Irish Aston Martin executive eyes IPO windfall

Seen & Heard: Irish man’s VC bets on mapping; post office closures to rise

Aston Martin: preparing to float on the London Stock Exchange by the end of the year. Photograph: Henry Nicholls/Reuters

Aston Martin: preparing to float on the London Stock Exchange by the end of the year. Photograph: Henry Nicholls/Reuters

 

Luxury British sports car maker Aston Martin’s Dublin-born chief technical officer, Max Szwaj, is set to be part of a lucrative employee option scheme as the company prepares to float on the London Stock Exchange by the end of the year, according to the Sunday Independent.

Mr Szwaj, who studied engineering at Trinity College Dublin, joined Aston Martin in December 2016, the newspaper said. The company, James Bond’s carmaker of choice, is owned by Italian and Kuwaiti shareholders and is understood to be seeking a valuation of up to £5 billion (€5.6 billion) in its upcoming initial public offering (IPO).

Crevan O’Grady firm strikes €60m deal

The Sunday Independent also reports that Irish man Crevan O’Grady’s London-based private equity firm Volpi Capital has acquired a majority stake in a Dutch geospatial mapping, imagery and data analytics company called CycloMedia, in what is understood to be a €60 million deal.

The Tipperary native’s Volpi – which he co-founded with Italian investor Marco Sodi in 2015 – invested €90 million in Irish IT services firm Version 1 last year, following on from backing healthcare firm Medinet and security and surveillance company Digital Barriers.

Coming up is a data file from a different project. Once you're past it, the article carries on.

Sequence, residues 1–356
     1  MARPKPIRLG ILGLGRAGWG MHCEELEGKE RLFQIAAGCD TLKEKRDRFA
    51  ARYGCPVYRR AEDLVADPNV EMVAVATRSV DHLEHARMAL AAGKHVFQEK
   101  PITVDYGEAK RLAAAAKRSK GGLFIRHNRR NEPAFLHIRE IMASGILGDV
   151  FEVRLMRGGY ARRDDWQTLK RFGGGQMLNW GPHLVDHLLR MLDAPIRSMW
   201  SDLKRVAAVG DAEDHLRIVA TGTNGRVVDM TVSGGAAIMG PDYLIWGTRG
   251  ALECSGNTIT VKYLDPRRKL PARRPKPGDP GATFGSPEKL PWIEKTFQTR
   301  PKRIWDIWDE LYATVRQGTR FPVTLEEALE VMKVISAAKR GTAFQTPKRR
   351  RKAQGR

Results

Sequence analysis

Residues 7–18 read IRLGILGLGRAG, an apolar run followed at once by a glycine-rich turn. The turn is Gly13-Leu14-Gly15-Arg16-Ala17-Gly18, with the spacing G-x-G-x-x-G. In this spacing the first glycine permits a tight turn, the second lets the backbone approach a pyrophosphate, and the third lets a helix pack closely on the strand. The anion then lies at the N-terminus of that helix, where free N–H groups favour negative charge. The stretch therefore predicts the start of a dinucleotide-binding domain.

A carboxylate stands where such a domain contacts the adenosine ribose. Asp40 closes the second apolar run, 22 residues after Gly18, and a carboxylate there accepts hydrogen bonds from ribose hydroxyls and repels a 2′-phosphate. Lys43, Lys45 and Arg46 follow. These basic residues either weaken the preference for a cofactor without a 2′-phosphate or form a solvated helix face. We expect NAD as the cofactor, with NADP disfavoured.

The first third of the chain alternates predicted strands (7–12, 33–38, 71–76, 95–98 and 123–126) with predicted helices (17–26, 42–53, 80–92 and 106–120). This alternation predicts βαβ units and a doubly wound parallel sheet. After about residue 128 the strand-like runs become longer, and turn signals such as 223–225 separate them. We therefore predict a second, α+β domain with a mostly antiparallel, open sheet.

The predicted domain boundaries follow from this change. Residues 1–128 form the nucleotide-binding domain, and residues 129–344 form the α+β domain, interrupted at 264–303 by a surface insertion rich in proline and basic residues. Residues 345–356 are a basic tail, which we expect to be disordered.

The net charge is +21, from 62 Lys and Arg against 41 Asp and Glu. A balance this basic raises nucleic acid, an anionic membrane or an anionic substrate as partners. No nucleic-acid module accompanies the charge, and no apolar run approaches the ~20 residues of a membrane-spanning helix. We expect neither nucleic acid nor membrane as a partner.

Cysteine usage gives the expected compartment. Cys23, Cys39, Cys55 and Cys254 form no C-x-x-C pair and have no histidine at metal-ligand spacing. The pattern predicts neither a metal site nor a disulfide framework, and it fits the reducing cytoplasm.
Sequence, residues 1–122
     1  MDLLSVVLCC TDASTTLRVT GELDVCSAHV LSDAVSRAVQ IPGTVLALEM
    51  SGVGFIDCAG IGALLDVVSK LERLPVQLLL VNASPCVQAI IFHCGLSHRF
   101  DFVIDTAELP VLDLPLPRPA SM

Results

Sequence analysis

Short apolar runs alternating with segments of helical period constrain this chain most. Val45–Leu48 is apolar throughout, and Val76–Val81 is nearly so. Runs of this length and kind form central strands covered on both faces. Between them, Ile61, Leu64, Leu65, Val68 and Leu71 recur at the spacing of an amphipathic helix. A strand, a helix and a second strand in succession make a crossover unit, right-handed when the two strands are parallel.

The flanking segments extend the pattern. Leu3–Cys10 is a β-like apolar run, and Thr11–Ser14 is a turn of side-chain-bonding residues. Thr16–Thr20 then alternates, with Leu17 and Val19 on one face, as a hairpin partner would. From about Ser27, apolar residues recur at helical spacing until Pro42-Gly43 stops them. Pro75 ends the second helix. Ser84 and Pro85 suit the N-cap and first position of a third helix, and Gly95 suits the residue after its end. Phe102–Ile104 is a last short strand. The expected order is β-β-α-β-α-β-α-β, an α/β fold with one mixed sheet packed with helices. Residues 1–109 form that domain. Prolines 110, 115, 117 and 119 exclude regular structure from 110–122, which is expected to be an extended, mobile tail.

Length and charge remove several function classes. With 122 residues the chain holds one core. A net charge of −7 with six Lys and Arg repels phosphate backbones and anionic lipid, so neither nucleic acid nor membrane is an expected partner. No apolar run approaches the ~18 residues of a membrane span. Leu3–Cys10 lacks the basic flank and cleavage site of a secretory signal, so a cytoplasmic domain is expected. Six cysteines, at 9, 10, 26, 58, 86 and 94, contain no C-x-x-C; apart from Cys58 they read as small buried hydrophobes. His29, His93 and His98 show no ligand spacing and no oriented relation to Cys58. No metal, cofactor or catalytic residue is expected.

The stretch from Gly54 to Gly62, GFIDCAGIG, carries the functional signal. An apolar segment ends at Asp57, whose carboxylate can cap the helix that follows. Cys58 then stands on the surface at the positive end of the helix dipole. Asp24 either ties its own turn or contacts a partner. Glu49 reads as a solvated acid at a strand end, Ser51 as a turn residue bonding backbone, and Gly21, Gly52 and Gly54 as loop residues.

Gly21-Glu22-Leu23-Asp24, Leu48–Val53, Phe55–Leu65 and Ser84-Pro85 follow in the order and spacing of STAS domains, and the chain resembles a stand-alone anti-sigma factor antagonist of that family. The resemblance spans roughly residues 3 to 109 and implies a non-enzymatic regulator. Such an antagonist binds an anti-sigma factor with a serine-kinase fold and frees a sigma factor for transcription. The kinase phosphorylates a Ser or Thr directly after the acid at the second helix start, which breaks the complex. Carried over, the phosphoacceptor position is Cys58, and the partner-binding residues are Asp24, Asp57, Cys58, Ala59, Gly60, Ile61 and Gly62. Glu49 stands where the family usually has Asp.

Moody’s sees Digicel bond swap plan as a default

The Sunday Business Post reported that Moody’s has said Digicel’s request that bondholders owed $3 billion (€2.6 billion) swap their notes for longer-dated securities constitutes a “distressed exchange” and a default under the ratings agency’s own definition.

Digicel, owned by businessman Denis O’Brien, unveiled the plan to swap $2 billion of 2020 bonds for 2022 notes and $1 billion of 2022 bonds for 2024 securities in a bid to ease medium-term refinancing risks. The group has a total debt pile of $6.7 billion.

Politicians see up to 210 post office closures

Politicians fear that An Post may close a further 210 post offices quietly over the coming years due to very low business levels at the locations, the Sunday Business Post reports, citing sources such as Independent Clare TD Michael Harty.

Last week An Post announced the locations of 159 post offices that are set to close in the coming weeks as part of a restructuring plan, including 18 offices in Co Galway and 17 in Co Donegal. However, a further 210 post offices have been offered redundancy packages for staff due to their low levels of activity.

Hauliers plan €40m Dublin docklands development

The Sunday Times reports that Arthur Molloy and Michael Sherry, owners of haulage and logistics company Molloy & Sherry, are planning a €40 million prime office development in the Dublin docklands.

The two men are seeking planning permission for a nine-storey block near the 3Arena on the north quays of the river Liffey. As part of the development, they plan to restore the facade of a low-rise redbrick building that is a protected structure.